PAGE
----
Updated: The Jay Cutler dilemma

Word is obviously getting cycled through about how the Denver Broncos tried to trade Jay Cutler as part of a deal to land Matt Cassel. Cutler is now in full melt down mode and ready to be traded, disgruntled disgusted fed up that he was even mentioned in trade talks.

Cutler is about to be a fourth year QB who has improved his stats each and every year he has been in the league. Last year Cutler threw for over 4,500 yards and 25 TDs with 18 INTs in leading the Broncos to a collapse in which they missed the playoffs. His passing yards ranked third in the league and easily would have set a Bears record. He has an arm that can make all the throws and he’s proven to be fairly accurate with it.

So why then is the Chicago Bears front-office led by Jerry Angelo not inquiring about a trade for Jay Cutler? Probably because they have said all along that Kyle Orton is their starting QB. Those infamous words, are words that have been announced before, only with Rex Grossman in place of Orton. In turn it completely infuriates and polarizes the fan base almost against each other. Never mind the sludge pool of anger most of the media stirs up with inciting columns against Orton and Angelo during the off-season, some things always stay the same.

Kyle Orton is just as bad as Rex Grossman, or nearly as bad, or could be as bad and is no where near on the same level as Jay Cutler. Except for last season for the first seven games where he nearly WAS or arguably BETTER than Jay Cutler. You know those eight games in which Orton played prior to severely spraining his ankle that effected his play the rest of the season.

What you think I’m crazy? Good I’m glad you think so that’s why I do this blog and do research to back up my opinion with some facts.

A seven game comparison between Jay Cutler and Kyle Orton.

Jay Cutler 1,862 yards and 13 touchdowns 7 INTs
Kyle Orton 1,462 yards and 10 touchdowns 4 INTs

Where was Kyle Orton better? The touchdown to INT ratio which is one of the most important stats on the books for a QB. You typically want at a minimum a two to one ratio, two touchdowns for every INT thrown.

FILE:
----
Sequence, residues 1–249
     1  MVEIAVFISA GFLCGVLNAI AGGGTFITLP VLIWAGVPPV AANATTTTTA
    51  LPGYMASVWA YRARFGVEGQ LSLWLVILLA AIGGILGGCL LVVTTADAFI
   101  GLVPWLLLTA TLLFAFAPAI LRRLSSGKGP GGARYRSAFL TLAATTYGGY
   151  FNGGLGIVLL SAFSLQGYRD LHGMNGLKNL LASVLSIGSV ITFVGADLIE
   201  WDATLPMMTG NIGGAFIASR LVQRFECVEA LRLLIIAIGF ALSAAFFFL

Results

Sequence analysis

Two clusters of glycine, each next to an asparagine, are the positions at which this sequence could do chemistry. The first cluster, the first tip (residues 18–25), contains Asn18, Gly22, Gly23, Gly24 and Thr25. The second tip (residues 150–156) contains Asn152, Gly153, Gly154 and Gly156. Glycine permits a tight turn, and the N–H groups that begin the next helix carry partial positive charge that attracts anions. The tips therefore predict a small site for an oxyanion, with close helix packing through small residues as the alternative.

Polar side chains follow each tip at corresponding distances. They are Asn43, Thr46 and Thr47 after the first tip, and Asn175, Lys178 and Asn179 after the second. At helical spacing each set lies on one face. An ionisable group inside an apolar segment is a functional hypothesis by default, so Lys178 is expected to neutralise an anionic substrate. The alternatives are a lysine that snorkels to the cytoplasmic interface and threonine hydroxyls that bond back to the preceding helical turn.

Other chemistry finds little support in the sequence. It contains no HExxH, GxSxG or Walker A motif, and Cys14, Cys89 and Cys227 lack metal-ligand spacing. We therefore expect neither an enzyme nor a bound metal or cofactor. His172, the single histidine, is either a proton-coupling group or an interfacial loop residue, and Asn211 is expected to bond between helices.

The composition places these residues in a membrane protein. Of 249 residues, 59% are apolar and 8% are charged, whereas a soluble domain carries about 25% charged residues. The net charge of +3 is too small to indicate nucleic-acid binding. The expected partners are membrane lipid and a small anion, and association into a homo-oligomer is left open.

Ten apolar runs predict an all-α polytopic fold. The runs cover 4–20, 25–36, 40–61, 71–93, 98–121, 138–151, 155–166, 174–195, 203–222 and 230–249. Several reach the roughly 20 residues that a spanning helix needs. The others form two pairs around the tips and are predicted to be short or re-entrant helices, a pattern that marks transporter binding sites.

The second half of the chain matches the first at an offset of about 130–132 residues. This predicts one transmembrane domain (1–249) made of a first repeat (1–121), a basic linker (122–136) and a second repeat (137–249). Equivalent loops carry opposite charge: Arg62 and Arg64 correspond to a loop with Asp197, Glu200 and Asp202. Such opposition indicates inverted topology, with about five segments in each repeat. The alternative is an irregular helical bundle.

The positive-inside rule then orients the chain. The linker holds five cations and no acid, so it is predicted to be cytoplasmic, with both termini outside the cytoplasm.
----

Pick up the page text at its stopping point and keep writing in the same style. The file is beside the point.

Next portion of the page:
So that’s not good enough for you? Okay Kyle Orton averaged 7.5 yards per attempt to Cutler’s 6.3 yards per attempts, Cutler’s number of pass attempts 291 was almost 100 more than Orton’s of 196. Over essentially the same seven games meaning both QBs played for seven games and then their bye week came in the eighth week.

Needless to say the Bears’ front office is well aware of this eight game statistical comparison even before word came in about Cutler’s possible availability. They spent time I’m sure a) evaluating the entire season on a game by game basis watched the film the scenarios and scouted their own players, plus any scouting tape they have of other teams and their players. Which likely included Cutler and his season long performance and against which opponents and where those defenses ranked against the pass.

But it’s safe to say that Jerry Angelo and his player development team were already ahead of the curve. Not because I say so, but because they get paid to KNOW so and much more. Where as the media simply googled up the final season stats of both QBs and didn’t take into account Orton’s high ankle sprain that likely effected him the entire rest of the season, etc. They made a snap judgment, against Orton, that judgment being, he’s a Chicago Bears QB who struggled the entire course of the season judging by his final stats. We forgot or don’t know how bad a high ankle sprain is on a QB or simply don’t care. We just need something to rant or express an opinion about given how slow the off-season and free-agency has been.